In John 13:13, it is written,

13 You call me “Teacher” and “Master,” and you say rightly, for I am.

ΙΓʹ ὑμεῖς φωνεῖτέ με ὁ διδάσκαλος καὶ ὁ κύριος καὶ καλῶς λέγετε εἰμὶ γάρ TR, 1550

Are the nouns «ὁ διδάσκαλος» and «ὁ κύριος», although declined in the nominative case, functioning as vocatives?


2 Answers 2


Wallace specifically cites John 13:13 as an example of the "Nominative of Appellation."1

A title appears in the nominative and functions as though it were a proper name. Another case would normally be more appropriate, but the nominative is used because of the special character of the individual described.

  1. Wallace, Daniel. Greek Grammar Beyond the Basics. Zondervan: Grand Rapids, Michigan. 1996. Page 61.
  • 1
    @SimplyaChristian Do you have a contention to make that this is wrong? Given the sheer number of translations that use this rendering as proper names it seems lacking for witnesses isn't the real issue here. In fact a cursory review suggests not many people talk about it just because it's pretty generally assumed to be the case. If there is more to your question (i.e. you want to challenge the common rendering) maybe you could expand on your reasoning a bit in the question.
    – Caleb
    Nov 30, 2016 at 9:07

Wallace (if I understand him correctly) is not saying that ὁ διδάσκαλος καὶ ὁ κύριος are morphologically vocative (which they are clearly not), nor that they are nominatives used as vocatives, but merely that in a sentence of the type “you call me X” the second direct object X should be in the accusative. Whether the irregular use of the nominative instead of the accusative is “because of the special character of the individual described”, or is simply an example of bad Greek depends, I suppose, on your theological position.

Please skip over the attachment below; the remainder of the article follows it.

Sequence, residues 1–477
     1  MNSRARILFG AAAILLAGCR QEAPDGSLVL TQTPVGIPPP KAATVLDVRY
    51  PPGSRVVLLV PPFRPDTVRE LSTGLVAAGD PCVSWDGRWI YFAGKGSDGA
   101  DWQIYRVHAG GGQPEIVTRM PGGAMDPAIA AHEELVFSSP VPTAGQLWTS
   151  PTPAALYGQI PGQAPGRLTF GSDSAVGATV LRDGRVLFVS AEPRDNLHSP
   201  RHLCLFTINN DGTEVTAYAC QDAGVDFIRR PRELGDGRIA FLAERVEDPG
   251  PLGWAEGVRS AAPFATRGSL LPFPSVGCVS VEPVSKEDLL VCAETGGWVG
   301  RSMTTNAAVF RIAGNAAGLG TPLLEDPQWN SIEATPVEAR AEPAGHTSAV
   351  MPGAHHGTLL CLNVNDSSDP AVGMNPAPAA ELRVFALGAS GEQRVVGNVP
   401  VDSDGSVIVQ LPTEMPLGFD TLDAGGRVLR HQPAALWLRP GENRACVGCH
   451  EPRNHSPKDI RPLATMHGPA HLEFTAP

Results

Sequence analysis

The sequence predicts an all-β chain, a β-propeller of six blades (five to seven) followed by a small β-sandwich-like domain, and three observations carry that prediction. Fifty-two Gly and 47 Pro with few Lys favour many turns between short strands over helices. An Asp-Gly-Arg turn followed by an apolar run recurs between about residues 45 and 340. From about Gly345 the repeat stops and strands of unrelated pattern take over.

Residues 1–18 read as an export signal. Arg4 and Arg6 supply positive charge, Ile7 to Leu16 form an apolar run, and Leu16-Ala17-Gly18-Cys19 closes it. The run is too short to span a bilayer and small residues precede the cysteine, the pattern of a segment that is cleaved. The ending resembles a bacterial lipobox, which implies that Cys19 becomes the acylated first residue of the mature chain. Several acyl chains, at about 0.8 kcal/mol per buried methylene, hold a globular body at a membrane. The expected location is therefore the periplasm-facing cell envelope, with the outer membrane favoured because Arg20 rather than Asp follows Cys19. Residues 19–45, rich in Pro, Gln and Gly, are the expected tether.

I would suggest that the formulation in John 13,13 represents a mixture of two constructions: “you call me the teacher” with “the teacher” in the accusative, and “you call to me (saying) ‘Teacher!’”, where the word for “teacher” would be either vocative or nominative.

I could add that the ancient translations treat these words unambiguously as vocatives. The Vulgata has : “vos vocatis me Magister, et Domine (voc.)”, and the Pshitta has : ܐܰܢ݈ܬ݁ܽܘܢ ܩܳܪܶܝܢ ܐܢ݈ܬ݁ܽܘܢ ܠܺܝ ܪܰܒ݁ܰܢ ܘܡܳܪܰܢ (literally: “You call to-me our-lord and our-master”.)

  • Is there a rule in Classical Greek that vocatives (or nominatives-as-vocatives) can't take the definite article? This (ὁ + nom.-as-voc.) seems to happen a lot in the NT. Col 3:18 - 4:1 is one of the more insistent examples. Or maybe I'm reading the third parenthetical in your answer incorrectly.
    – Susan
    Nov 30, 2016 at 13:20
  • @Susan. Yes, this construction is common in Koine Greek, but not acceptable in the Classical language. I will edit the answer to make it more specific.
    – fdb
    Nov 30, 2016 at 13:50

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